When I direct - everything I've directed has had improv in it, because I think there's something special in a performance the first time it's said out loud that's hard to recreate.
I think a lot of Americans forget that they are not originally from here, that somebody in their past was a refugee.
I think working with kids and seeing how kids are universally children - no matter what you do, they love playing on a bongo and they love drawing and they love playing - that is a great uniter.
I'm a real nerd for science. I love Neil deGrasse Tyson and 'Cosmos' and all that.
In August of 1989, we arrived in Los Angeles where we had family. With their help, along with that of Jewish resettlement organizations like HIAS, my parents were set up with jobs.
I would love to keep directing commercials. I love it so much. I love working with brands and ad agencies and old white men who have been doing this for 60 years.
My family had to live in Vienna for three months, then in Italy for another nine, while we waited for refugee status.
I remember what it was like when my parents couldn't help me with my homework because they couldn't speak the language, or being a translator for my parents. I did that a lot.
Comedy came early. I knew when I was a kid that I was silly, and I knew that I liked people who were funny, but I don't think I knew I was funny. I didn't really think about it.
You can't say that we need to give women more roles, and then when we do, say that they're only there because men want to look at them.
Nobody is powerless.
We all have the power to be influencers.
I want to be able to enjoy my life to the fullest so I can add something to the lives of people around me.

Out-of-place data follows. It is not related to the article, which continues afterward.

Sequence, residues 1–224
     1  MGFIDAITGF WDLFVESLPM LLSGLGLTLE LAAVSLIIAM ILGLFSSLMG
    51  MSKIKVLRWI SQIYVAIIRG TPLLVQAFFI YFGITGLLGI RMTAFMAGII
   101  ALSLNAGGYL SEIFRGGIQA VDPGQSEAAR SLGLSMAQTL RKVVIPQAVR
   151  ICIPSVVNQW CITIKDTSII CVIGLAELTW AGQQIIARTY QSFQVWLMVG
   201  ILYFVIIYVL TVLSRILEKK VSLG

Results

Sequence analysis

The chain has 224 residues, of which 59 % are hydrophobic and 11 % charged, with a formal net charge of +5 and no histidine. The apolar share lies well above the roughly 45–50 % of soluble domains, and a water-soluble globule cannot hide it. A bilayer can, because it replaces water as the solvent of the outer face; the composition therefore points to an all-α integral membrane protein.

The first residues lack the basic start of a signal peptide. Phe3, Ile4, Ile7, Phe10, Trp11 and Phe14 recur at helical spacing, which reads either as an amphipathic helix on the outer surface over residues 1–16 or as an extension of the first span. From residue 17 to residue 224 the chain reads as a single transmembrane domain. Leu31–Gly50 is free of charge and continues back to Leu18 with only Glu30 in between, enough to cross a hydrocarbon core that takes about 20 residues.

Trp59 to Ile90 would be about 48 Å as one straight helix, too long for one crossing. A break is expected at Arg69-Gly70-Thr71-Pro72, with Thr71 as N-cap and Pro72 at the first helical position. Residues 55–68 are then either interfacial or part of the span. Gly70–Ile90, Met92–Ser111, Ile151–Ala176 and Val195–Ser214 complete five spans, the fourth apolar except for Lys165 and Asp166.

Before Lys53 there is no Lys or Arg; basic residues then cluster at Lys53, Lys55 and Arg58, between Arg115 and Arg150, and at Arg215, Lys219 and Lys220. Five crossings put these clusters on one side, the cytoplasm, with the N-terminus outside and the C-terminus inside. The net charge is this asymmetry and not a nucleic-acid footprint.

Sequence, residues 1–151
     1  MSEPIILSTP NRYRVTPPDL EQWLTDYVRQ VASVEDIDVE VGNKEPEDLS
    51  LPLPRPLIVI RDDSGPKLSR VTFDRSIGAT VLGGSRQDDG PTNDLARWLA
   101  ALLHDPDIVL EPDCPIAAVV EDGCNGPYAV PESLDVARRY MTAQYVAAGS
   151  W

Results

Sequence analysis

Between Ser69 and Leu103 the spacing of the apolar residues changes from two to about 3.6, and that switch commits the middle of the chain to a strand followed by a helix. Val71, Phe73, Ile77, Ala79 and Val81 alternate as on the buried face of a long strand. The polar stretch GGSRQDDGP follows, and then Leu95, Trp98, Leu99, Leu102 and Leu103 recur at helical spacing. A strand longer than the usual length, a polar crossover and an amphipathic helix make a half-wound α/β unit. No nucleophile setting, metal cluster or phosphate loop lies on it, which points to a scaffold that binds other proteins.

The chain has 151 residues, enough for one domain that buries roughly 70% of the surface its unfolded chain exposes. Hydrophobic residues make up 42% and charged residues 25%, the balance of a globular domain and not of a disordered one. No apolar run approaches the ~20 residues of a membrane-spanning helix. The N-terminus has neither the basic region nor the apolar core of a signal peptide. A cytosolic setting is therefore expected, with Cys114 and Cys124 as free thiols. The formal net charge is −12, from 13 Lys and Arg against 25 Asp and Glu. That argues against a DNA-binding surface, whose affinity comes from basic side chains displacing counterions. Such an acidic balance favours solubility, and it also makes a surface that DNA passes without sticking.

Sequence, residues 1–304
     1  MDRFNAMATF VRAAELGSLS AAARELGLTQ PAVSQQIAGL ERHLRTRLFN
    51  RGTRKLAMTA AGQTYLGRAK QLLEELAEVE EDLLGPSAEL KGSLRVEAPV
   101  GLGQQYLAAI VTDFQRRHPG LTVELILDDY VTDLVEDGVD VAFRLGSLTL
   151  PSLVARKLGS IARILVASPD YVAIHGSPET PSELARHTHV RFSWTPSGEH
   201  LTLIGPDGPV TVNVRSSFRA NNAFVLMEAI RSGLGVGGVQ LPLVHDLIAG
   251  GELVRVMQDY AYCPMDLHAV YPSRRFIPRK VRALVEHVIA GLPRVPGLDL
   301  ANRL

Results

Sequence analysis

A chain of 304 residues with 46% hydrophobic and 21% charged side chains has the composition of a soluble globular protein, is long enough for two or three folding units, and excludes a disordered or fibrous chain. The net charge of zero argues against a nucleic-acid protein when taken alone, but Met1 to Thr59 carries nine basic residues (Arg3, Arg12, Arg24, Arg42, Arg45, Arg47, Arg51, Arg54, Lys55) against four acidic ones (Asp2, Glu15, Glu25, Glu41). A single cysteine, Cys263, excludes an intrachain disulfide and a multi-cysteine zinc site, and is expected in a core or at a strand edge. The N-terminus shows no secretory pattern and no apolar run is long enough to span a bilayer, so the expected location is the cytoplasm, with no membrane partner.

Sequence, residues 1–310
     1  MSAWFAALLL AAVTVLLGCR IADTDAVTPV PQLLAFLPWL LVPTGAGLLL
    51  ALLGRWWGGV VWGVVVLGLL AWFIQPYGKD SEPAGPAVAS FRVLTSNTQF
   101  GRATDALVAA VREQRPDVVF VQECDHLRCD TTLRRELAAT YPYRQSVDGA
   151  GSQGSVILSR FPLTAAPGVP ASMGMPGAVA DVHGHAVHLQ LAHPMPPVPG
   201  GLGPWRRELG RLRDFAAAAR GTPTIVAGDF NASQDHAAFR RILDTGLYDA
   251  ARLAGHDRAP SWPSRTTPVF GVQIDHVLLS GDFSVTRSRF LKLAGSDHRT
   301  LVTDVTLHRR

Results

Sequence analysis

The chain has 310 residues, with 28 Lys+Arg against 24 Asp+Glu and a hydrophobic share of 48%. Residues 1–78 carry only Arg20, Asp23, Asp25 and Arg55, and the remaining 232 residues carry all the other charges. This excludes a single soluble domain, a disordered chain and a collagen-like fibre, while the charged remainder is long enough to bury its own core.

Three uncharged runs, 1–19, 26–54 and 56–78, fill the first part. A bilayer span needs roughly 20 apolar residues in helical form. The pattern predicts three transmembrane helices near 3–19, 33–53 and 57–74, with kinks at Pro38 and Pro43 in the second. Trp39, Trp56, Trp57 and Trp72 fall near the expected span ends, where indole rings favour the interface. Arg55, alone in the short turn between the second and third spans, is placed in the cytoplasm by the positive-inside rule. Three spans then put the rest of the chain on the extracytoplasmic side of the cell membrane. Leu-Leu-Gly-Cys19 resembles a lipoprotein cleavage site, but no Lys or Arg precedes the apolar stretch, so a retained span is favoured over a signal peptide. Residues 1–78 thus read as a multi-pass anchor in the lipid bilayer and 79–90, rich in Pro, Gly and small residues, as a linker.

We had a lot of help when we got to America.
Being an immigrant myself, but feeling very American, and also being the child of immigrants, I understand the feeling of wanting a home.
My grandmother was a nanny for an Orthodox Jewish family, and she would come home and tell us about that.
I was three years old, so I actually don't remember much of the refugee process.
In the '80s, we were living in the U.S.S.R., where anti-Semitism was a deeply ingrained part of the culture. Being a Jewish person in the Soviet Union was not easy. Not that I remember any of that - I was barely old enough to chew back then - but for my parents, both Uzbekistan-born Jews, life was a struggle.
In the late '80s, the U.S.S.R. loosened its restrictions on immigration. When the government was like, 'Y'all wanna bounce?' my family, along with tens of thousands of other Jews ran for the door in an attempt to make a better life in America.
There are moments in your life where you realize you could do nothing, but if you do, you'll probably regret it forever.
The goal of Can't Do Nothing is to ask people, what matters for you? And whatever it is, what are you doing about it? How bad does it need to get before you take action?
The AT&T commercials are the most fun acting opportunity that anyone could ask for. That being said, directing exercises a part of my brain that is really fun that I don't get to try out as an actor.
Every opportunity I've had to work and act with incredibly talented directors, like Dean Holland was on 'Love,' and the writers and creators of that show, Judd Apatow, Paul Rust and Leslie Arfin, have been incredible learning experiences that have informed my creative process.
Commercial directing felt like a very natural transition from my comedy, sketch, music video directing experience.
We're so lucky to take being alive for granted.
I do know what it's like to be an outsider.
I did a commercial for a phone company when I was five. But my first big thing was when I was eight. I was on the first season of 'E.R.'
My directing opportunities have been awesome, and my acting opportunities, some have been great and some have not.
I'm not really into sci-fi movies, but I'm into the science of space a lot. I love astronomy and thinking about the nothingness of the everythingness of space.